Perseverance made art
El Carmen de Viboral has come a long way so that her tableware is recognized as the nation’s heritage.
After two years of imagining the wells and dishes produced in that eastern municipality in even larger settings, on Thursday afternoon the Carmelites finally received the news that their ceramics were declared by the National Council of Cultural Heritage of Colombia as Intangible Heritage of the Nation.
The recognition was given thanks to the work undertaken by a group of researchers led by David Londoño, a professor at the Universidad Católica de Oriente (UCO), in which for 4 years they had been managing the procedures and conditions necessary to obtain the recognition.
The group was also made up of Olimpia Pavón, legal representative of the Association of Craftsmen Producers of Earthenware; Sara García, private investigator; and Julián Montoya, representative of several ceramic factories in the municipality.
“We began to ask ourselves about the production of the municipality. We found many things: there is a recognition of origin that protects El Carmen ceramics so that not just anyone can say that it was made here and that the paintings – flowers and decorations of each piece – have an exuberant creative richness and unique in the world ” Londoño said.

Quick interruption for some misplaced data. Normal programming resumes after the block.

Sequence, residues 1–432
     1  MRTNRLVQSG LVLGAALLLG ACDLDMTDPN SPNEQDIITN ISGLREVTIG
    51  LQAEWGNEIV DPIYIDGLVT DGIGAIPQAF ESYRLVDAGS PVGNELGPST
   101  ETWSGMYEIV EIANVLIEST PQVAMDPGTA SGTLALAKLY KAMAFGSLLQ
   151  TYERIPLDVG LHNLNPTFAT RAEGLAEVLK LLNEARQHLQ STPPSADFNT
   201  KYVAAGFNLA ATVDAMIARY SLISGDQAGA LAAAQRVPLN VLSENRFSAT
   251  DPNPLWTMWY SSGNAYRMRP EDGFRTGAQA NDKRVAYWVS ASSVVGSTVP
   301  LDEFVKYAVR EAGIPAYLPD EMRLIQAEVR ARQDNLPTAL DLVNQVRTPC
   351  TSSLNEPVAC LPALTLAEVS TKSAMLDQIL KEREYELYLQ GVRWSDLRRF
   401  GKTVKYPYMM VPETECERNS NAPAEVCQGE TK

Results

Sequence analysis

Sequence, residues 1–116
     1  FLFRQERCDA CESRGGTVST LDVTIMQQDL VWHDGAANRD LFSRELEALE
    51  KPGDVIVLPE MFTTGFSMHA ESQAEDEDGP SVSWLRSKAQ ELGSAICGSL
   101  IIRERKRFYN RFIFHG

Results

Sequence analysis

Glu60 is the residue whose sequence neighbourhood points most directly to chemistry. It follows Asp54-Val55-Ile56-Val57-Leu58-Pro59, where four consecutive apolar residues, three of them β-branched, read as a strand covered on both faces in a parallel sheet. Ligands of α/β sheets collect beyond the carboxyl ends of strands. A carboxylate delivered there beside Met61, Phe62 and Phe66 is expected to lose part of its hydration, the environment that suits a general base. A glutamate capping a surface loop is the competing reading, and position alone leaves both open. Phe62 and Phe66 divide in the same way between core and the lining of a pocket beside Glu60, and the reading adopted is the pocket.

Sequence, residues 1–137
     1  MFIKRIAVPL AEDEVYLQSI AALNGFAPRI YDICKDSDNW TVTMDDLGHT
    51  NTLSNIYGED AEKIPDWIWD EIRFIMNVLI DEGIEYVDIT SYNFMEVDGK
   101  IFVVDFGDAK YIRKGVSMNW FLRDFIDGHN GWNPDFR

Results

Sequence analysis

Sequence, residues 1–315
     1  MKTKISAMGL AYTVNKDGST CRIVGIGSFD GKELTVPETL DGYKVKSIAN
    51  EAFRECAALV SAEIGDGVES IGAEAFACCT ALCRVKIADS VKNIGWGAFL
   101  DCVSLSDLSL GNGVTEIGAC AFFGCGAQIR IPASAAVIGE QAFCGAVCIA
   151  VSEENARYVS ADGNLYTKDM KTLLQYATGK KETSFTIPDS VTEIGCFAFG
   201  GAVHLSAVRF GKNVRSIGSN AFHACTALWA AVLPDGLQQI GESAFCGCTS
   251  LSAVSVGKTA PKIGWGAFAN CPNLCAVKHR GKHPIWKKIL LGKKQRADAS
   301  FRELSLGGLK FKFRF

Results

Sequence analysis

With these certainties, the team presented a project to the UCO and continued to advance in each technical review until today. “This is particularly good news for a municipality that has more than 120 years of ceramic tradition. A very big task is coming to appropriate and project we as a national heritage,” said Yeison Castro, director of the municipality’s Institute of Culture.
John Fredy Quintero, mayor of the municipality, agrees with this when he says that “the news fills us all with mixed feelings, it is a recognition of the potters and artisans who have sustained the tradition for years, but there is also a very great responsibility both administratively and economically to build that special plan that safeguards tradition ”.
Precisely that is what David dreams of: “a guide where we capture everything that artisans know so that this knowledge is reflected in some place and we can be sure that it will not be lost.
“Now even bigger things await us, this is just a door that opens for all that our ceramics can achieve,” says Castro. “And that is our next goal, that it be declared an intangible heritage of humanity. As a recognition for them, for the Carmelite potters and potters,” concluded Londoño.